Archive for the 'Ageing' Category

Care and caring: challenge, crisis or opportunity?

SusanMYeandle

Sue Yeandle

As the first issue of the International Journal of Care and Caring publishes, Sue Yeandle, Editor-in-Chief, highlights the global space that care now occupies and introduces the journal as a new forum where world-class knowledge about care, caring and carers can be shared.

Issue 1 of the International Journal of Care and Caring is free to access on Ingenta until 30 April.

“From Nairobi to Tokyo, Sydney to Bogota, Montreal to Stockholm and Gdansk to Glasgow – and beyond – care is more visible than ever, and an issue of growing importance all over the world. It is central to human life and relations. It underpins the world’s health, employment and welfare systems. It affects every family and human being on the planet.

“In all its horror, glory and daily realities, care touches us at every level.”

Continue reading ‘Care and caring: challenge, crisis or opportunity?’

Globalisation and our views on ageing

The world is now a much smaller place, with more and more people choosing to study or work abroad and, consequently, creating transnational families and connections. In this blog post, Martin Hyde, co-author of Ageing and globalisation, discusses how this increase in globalisation has affected conventional views of ageing.

martin-hyde

Martin Hyde

Sometime last year my parents called me to say that they wouldn’t be able to meet up on the coming weekend as they had to go and look after my brother’s kids.

Nothing unusual about this, as more and more retirees find themselves called upon to perform grandparenting duties in times of need – in this case my brother had to travel for work and my sister-in-law was not feeling well.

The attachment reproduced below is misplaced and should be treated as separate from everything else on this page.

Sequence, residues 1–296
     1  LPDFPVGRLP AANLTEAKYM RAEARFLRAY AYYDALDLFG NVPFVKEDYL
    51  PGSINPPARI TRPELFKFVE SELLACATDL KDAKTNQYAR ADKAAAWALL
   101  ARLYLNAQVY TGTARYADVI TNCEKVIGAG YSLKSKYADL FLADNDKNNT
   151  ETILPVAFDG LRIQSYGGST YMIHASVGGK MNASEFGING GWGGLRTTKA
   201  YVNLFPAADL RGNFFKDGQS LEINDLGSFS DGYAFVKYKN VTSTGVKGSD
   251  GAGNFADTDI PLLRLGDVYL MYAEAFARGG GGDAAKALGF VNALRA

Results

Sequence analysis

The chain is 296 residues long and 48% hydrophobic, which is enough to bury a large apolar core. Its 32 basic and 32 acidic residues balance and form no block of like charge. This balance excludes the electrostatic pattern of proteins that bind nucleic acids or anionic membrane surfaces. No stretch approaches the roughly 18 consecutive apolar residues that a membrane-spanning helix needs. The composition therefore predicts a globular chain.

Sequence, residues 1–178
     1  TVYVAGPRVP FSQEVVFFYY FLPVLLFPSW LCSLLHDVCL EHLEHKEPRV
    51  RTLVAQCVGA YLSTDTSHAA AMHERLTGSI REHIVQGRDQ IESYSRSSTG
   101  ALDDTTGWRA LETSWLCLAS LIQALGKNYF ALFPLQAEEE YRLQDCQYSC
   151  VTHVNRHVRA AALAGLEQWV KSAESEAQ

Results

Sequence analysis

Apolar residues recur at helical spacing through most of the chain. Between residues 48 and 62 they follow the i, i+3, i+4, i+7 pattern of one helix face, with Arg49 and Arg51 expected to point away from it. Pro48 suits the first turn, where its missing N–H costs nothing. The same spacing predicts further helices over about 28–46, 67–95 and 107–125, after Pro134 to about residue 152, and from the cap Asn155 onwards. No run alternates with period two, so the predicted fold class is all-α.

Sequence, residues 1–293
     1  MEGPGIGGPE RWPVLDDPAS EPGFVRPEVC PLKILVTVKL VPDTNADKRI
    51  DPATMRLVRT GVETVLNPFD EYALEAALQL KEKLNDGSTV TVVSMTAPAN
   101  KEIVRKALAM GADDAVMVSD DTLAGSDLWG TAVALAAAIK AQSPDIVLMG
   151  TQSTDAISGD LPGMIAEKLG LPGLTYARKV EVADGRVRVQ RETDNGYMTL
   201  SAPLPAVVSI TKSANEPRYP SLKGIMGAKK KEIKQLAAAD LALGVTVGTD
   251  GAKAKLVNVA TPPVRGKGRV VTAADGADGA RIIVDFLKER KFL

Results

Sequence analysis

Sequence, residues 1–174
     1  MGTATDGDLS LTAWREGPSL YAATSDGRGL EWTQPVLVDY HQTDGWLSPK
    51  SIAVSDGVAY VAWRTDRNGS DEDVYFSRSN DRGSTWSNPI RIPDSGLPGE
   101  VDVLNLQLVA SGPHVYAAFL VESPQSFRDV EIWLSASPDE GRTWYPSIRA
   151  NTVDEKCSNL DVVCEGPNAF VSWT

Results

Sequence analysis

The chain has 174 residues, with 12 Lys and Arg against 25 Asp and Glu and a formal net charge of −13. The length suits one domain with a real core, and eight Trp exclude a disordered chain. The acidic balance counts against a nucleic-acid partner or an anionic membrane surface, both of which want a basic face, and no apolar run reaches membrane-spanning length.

What made this somewhat more unusual was that my parents were in France at the time and my brother lives in Australia. So, they duly cut their stay in France short, bought return tickets to Australia, flew back to the UK packed their bags and went out to Australia for 3 weeks (my brother had had to go to China and South Korea).

“Wherever we look…we seem to see evidence of the increasing globalisation.”

Unusual but not unique. As families become increasingly transnational more and more people are drawn into these long-distance family and caring relationships. But this is not limited to family relationships. Wherever we look, from travel and transport to economics and the media, we seem to see evidence of the increasing globalisation. Continue reading ‘Globalisation and our views on ageing’

Age: the topic that neither Clinton nor Trump dare address

 

kate_demedeiros_taskforce_may52015

Kate de Medeiros

There is one major topic in the American presidential election that neither candidate – nor the media for that matter – have dared to touch upon: age.

Kate de Medeiros, author of The short guide to aging and gerontology, asks ‘why?’

Age – specifically older age – has been conspicuously absent as a line of personal attack between the candidates, as a demographic target of would-be voters, and as an articulated position regarding health care and pension policies.